As far as which vegetables are suitable for roasting, I keep adding new ones to my list. Carrots, parsnips, potatoes and onions are traditional choices. Some years ago I learned how roasting transforms asparagus. Then I discovered the happy results of roasting cauliflower, butternut squash and brussels sprouts. And recently green beans and broccoli have joined the roster.
Chesman, who has published several other cookbooks since "The Roasted Vegetable," said she still turns often to roasting. "When I'm not experimenting with a recipe, it's my go-to way of cooking vegetables," she said. "Everybody likes it, and it's so easy."
RULES FOR ROASTING
— Cut vegetables for roasting into uniform-sized pieces.
— Use a heavy metal roasting pan or rimmed baking sheet just large enough to hold the vegetables in a single layer. If the vegetables are piled up, they will steam rather than roast. If they are widely spaced, they may get too hot and burn. The pan's sides should not be more than 2 inches high. Lightly oil the pan or spray it with nonstick spray to make cleanup easier.
— Vegetables shrink as some of the moisture cooks out. This is what concentrates the flavor. Take this shrinkage into account in planning how much to roast, especially with watery vegetables.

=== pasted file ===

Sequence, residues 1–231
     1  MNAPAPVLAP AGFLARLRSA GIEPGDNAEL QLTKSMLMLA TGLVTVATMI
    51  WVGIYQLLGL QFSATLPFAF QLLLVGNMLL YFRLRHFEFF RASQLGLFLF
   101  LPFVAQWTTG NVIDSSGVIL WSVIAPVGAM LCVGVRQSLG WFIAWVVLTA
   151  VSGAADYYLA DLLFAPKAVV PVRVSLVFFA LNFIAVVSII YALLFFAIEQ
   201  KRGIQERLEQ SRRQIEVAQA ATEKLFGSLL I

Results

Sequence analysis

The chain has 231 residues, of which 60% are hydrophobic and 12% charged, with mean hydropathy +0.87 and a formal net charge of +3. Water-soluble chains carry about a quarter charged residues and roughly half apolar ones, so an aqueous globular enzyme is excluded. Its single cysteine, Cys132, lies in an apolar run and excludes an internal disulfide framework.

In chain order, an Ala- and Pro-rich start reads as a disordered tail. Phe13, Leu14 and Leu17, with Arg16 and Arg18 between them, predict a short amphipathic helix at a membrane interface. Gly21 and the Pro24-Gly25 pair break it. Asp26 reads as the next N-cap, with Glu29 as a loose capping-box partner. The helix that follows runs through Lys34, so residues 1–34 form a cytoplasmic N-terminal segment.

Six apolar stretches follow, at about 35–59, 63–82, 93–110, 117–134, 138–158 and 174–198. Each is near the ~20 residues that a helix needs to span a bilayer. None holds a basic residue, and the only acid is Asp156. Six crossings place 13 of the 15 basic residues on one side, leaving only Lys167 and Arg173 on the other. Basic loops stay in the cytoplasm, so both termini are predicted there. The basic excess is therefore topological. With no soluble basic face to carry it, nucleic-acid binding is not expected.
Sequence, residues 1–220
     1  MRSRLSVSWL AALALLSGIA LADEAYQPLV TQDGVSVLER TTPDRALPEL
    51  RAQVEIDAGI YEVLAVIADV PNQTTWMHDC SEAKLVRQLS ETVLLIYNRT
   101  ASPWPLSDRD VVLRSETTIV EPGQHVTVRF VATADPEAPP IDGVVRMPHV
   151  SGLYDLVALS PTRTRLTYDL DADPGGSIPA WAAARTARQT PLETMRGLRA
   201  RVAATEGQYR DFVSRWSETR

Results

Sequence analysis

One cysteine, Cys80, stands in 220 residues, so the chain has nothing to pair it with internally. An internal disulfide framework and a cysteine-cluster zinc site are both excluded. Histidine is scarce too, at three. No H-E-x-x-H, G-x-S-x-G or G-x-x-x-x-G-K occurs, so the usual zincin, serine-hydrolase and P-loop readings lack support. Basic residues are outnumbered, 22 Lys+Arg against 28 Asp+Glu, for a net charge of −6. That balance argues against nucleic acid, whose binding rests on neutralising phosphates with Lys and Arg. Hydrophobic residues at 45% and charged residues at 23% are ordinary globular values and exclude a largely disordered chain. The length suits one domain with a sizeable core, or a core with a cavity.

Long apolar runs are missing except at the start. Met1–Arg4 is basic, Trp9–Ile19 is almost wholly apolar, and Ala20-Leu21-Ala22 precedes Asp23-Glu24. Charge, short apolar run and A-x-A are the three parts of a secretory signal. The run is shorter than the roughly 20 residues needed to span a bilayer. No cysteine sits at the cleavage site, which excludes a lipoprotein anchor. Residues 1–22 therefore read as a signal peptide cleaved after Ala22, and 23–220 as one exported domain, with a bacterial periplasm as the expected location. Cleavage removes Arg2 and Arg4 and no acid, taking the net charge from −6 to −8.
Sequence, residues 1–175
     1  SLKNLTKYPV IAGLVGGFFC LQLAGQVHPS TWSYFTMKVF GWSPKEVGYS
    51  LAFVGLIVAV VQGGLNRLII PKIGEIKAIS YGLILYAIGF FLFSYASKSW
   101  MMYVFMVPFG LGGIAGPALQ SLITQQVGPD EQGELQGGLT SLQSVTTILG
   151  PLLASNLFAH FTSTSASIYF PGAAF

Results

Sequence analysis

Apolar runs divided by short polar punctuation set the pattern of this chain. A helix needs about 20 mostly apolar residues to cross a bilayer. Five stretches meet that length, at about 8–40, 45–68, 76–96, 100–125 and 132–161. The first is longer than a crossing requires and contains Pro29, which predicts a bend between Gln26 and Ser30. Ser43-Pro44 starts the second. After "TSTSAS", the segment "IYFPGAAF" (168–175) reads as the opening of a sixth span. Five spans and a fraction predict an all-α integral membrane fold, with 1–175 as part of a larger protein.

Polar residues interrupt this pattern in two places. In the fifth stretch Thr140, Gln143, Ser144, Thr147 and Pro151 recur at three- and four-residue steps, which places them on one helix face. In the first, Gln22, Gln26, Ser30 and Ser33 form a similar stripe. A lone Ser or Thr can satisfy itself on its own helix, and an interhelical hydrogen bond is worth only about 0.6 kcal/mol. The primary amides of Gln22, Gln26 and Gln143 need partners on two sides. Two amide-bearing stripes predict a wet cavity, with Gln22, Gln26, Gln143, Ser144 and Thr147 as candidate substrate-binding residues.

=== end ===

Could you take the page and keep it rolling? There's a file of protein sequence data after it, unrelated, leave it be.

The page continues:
— Rub vegetables with oil or melted butter to help them brown. You can season them with salt and freshly ground pepper before or after roasting.
— An oven temperature of 400 to 450 F works for most vegetables, although some recipes call for 500 F. Toss or stir the vegetables once or twice during roasting.
— Roasting times vary depending on the vegetable, the thickness of the pieces and your own preference. Times can range from about 15 minutes for green beans or asparagus to an hour for large beets or turnips. The finished vegetables should be tender and browned in places but should not appear charred.
SOURCES: "The Roasted Vegetable" by Andrea Chesman; "Vegetables" by James Peterson
Nonstick vegetable oil spray
1/2 cup whole-grain Dijon mustard or other coarse-grain mustard
2 tablespoons extra-virgin olive oil
2 tablespoons (1/4 stick) butter, melted
2 tablespoons fresh lemon juice
3 garlic cloves, minced
1 tablespoon dried oregano
1 teaspoon finely grated lemon peel
1 teaspoon coarse kosher salt
3 pounds 1-to 1 1/2-inch-diameter mixed unpeeled red-skinned and white-skinned potatoes, cut into 3/4-inch-wide wedges
Freshly ground pepper
Yields 8 servings.
Position one rack in top third of oven and one rack in bottom third of oven and preheat to 425 F. Spray two rimmed baking sheets with nonstick spray.
Whisk mustard, olive oil, butter, lemon juice, garlic, oregano, lemon peel and salt in a large bowl to blend. Add potatoes; sprinkle generously with freshly ground black pepper, and toss to coat. Divide potatoes between prepared baking sheets, leaving any excess mustard mixture behind in bowl. Spread potatoes in a single layer. Roast 20 minutes. Reverse baking sheets and roast until potatoes are crusty outside and tender inside, turning occasionally, about 20 minutes longer. Transfer potatoes to a serving bowl.
Nutritional analysis per serving: 214 calories, 7 g fat, 4 g protein, 35 g carbohydrates, 7 mg cholesterol, 389 mg sodium, 3.5 g dietary fiber.
— Bon Appetit, December 2007.
PARMESAN ROASTED ASPARAGUS
2 1/2 pounds fresh asparagus (about 30 large spears)
2 tablespoons good olive oil
1/2 teaspoon kosher salt
1/4 teaspoon freshly ground black pepper
1/2 cup freshly grated parmesan cheese
2 lemons cut in wedges, for serving
Yields 6 servings.